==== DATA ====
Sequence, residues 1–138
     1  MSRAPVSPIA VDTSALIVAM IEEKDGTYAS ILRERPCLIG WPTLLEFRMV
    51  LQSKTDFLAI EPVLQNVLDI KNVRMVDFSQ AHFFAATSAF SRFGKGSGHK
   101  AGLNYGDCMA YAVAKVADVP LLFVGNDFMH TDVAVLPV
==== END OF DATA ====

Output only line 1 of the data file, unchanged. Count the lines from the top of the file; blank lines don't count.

Sequence, residues 1–138